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By: Jana L. Davidson, Education Content Specialist for the Progressive Agriculture Foundation

There is no question why ATV safety has been one of the most popular lessons taught at Progressive Agriculture Safety Days. Unfortunately, day-after-day the news is filled with ATV incidents resulting in either severe injury or death. In rural areas, ATVs are extremely popular whether used for leisure riding or for work on farms. According to the U.S. Consumer Product Safety Commission (CPSC), on average 144 children die each year due to an ATV-related incident. In 2012, more than 100,000 ATV-related injuries were reported from emergency departments and 25% of those injuries were from children under the age of 16.

We all know that ATV stands for all-terrain vehicle; however, a better reminder to keep safe while riding is to consider ATV as Always Think Vigilance. In several ATV incidents, the rider was likely very confident and thought, “nothing will happen to me” or “I am only going on a short ride, no need for a helmet.” For younger riders, who are often thrill seekers, they can feel invincible. We also see many children operating ATVs that are too big for them or riding as a passenger. Passengers impair the driver’s ability to shift weight in order to steer and control the ATV.

Paying attention, being alert and taking all safety precautions are a must when operating an ATV! Here are a few tips to stay safe while riding ATVs:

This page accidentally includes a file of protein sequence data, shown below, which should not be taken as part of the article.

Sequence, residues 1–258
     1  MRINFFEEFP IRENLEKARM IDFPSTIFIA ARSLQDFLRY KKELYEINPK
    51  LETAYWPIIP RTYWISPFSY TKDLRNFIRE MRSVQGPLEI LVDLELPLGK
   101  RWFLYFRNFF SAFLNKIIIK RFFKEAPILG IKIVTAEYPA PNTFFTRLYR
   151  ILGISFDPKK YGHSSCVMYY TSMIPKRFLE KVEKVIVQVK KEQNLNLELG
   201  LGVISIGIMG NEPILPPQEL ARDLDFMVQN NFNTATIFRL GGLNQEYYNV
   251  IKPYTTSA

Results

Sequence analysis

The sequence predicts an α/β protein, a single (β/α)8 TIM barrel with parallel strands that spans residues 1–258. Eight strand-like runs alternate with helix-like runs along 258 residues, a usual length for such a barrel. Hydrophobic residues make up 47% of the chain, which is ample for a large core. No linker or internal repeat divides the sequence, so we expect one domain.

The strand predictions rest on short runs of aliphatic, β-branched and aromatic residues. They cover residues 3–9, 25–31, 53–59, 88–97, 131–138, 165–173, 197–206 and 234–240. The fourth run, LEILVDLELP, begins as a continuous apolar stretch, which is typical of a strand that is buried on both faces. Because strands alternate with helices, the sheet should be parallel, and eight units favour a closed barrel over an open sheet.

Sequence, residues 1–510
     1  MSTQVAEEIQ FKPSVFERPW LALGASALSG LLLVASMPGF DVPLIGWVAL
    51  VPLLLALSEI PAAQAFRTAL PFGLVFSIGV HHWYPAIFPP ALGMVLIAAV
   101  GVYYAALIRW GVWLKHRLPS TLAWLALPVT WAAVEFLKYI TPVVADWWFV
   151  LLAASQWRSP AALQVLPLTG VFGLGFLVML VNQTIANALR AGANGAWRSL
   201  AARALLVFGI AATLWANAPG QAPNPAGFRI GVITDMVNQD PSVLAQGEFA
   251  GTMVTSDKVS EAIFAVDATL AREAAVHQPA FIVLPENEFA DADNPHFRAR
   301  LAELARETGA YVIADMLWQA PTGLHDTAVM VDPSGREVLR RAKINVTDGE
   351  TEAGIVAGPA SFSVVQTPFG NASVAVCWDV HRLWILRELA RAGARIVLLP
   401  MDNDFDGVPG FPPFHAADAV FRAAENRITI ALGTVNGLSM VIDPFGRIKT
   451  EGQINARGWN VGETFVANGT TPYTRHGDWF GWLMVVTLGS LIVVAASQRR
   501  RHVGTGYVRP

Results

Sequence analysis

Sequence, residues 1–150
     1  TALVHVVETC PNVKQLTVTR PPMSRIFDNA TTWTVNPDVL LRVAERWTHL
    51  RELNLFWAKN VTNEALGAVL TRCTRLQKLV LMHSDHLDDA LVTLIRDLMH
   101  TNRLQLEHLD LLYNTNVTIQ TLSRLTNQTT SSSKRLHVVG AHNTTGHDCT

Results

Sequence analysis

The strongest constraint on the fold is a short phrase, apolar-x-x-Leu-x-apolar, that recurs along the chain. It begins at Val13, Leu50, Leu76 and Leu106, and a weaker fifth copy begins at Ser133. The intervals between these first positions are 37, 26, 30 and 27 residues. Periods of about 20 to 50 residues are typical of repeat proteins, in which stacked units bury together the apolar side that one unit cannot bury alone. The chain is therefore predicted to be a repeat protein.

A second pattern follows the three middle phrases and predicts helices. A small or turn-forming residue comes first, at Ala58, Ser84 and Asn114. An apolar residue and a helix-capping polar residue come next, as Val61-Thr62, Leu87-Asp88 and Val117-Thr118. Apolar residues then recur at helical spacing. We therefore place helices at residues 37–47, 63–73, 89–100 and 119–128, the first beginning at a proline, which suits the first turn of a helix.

1. Before operating an ATV, carefully read the owner’s manual and understand the safety features including lights, front & rear brakes and the engine stop switch.
  2. Take a certified ATV training course.
  3. Wear protective equipment including:
  • Properly fitted helmet that meets the Department of Transportation (DOT) standards.
  • Eye protection including goggles or a face shield to protect the eyes without obstructing the fields of vision.
  • Appropriate clothing including long pants, long-sleeved shirt, over-the-ankle low heel boots, and gloves with a good grip. Shin guards and chest/shoulder protectors are good to use if riding over rough terrain.
  1. Never ride alone and always let others know where you will be riding.
  2. Understand the size and age-appropriateness of ATVs. Use under 70cc for riders 6 and older, 70cc to 90cc for riders 12 years and older, and over 90cc for riders 16 years and older.
  3. Never ride on paved roads and use extreme caution if you have to cross one.
  4. Do not ride double. ATVs are designed for one operator so that the operator can be “Rider Active.” Shifting weight from the front of the seat to the rear or left to right while turning.

Last year, ATV safety was a topic taught at 58% of all Progressive Agriculture Safety Days. Our ATV curriculum was recently updated thanks to funding from the Iowa Farm Bureau. These safety tips are examples of what children & families learn when they attend a Progressive Agriculture Safety Day® offered throughout North America. This year alone, more than 100,000 children & adults will participate in a Progressive Agriculture Safety Day® within their local community. Learn more at www.progressiveag.org

In Photo Above: At a Progressive Agriculture Safety Day® in Texas, participants take part in a demonstration on ATV Safety.

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